Sweet Smell of Success Wafts from Israel's "Basil Tree"

David Shamah

The Times of Israel

May 15, 2014

A unique Israeli-developed plant has won a top prize in the world’s biggest horticulture event. The “Basil Tree” isn’t just pretty to look at, according to Hishtil, the Israeli “inventor” of the tree, but practical, too: The bonsai-style mini-tree grows basil perennially, allowing people with herb gardens to have an ongoing supply of the herb, instead of having to replant a new basil seedling each time they use up their supply.

Basil is popular in Italian cooking, but growing it can be a hassle, requiring sprouting, transferring into the ground from a seed flowerpot, and regular care to prevent insect infestation. Hishtil sells the Basil Tree as a full-grown plant (30 cm tall). It’s resistant to insects, so no pesticides are needed, and can be kept indoors in the flowerpot it comes in, Hishtil said.

The mini-tree won the prize for best new horticultural development at the just-completed IPM Horticulture Show in Essen, Germany, beating out dozens of competitors for the prize. Over 1,500 companies showed off their wares to around 57,000 trade visitors from over 100 countries at IPM, which was attended by representatives of some of the largest home and garden stores around the world. This is the first time an Israeli-developed plant has won a prize at the show, which has been held annually for the past 32 years.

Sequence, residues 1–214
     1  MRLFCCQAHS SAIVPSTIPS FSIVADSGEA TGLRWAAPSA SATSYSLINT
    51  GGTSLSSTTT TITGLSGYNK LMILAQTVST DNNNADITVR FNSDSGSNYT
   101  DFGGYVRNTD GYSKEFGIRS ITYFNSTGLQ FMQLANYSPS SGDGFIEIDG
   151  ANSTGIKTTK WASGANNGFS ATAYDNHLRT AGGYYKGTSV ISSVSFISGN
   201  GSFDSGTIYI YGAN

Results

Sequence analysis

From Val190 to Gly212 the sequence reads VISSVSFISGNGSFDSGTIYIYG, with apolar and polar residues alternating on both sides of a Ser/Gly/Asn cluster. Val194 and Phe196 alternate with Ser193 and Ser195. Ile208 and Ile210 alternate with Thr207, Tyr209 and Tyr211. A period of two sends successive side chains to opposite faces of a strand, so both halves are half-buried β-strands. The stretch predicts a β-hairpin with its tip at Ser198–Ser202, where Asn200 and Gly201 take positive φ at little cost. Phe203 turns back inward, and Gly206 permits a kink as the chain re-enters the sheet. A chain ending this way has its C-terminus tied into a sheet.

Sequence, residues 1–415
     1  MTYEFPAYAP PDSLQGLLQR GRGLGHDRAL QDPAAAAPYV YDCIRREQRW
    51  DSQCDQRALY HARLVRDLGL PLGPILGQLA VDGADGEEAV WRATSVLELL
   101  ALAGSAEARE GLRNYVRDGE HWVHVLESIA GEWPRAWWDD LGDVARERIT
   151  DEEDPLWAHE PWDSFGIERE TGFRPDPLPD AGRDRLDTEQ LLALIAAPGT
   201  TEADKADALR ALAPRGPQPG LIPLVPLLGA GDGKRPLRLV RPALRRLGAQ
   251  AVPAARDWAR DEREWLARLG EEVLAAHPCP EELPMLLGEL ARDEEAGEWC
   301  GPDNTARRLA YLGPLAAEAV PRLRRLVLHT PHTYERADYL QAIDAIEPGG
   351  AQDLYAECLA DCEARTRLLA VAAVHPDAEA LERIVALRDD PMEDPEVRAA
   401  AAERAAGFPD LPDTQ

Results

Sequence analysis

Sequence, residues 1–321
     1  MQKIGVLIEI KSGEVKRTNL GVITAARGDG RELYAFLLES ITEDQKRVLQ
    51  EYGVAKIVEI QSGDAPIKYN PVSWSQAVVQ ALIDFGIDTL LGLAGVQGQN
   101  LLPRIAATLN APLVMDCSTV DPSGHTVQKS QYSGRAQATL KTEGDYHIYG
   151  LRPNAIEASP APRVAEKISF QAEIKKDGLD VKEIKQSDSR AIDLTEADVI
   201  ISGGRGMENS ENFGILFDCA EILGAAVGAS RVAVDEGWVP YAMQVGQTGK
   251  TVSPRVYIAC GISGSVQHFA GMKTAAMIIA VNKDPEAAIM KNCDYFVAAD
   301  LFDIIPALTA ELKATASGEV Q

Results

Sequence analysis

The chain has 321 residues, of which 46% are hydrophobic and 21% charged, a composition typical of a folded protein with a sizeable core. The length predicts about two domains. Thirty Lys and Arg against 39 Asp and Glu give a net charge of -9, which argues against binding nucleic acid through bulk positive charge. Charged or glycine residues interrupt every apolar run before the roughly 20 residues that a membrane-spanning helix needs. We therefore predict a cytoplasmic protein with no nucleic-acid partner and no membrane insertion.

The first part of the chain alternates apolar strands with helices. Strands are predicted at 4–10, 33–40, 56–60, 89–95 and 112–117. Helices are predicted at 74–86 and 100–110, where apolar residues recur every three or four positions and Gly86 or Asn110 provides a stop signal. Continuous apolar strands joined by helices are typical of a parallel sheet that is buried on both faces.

Hishtil, Israel’s largest horticulture company and nursery, was started over three decades ago by Yechezkel Dagan, a refugee from the Holocaust who was born and spent his early years in the German city of Essen, where the IPM event was held. Dagan, 78, fled Essen with his family when he was a small child, moving to Israel, where he eventually established Hishtil.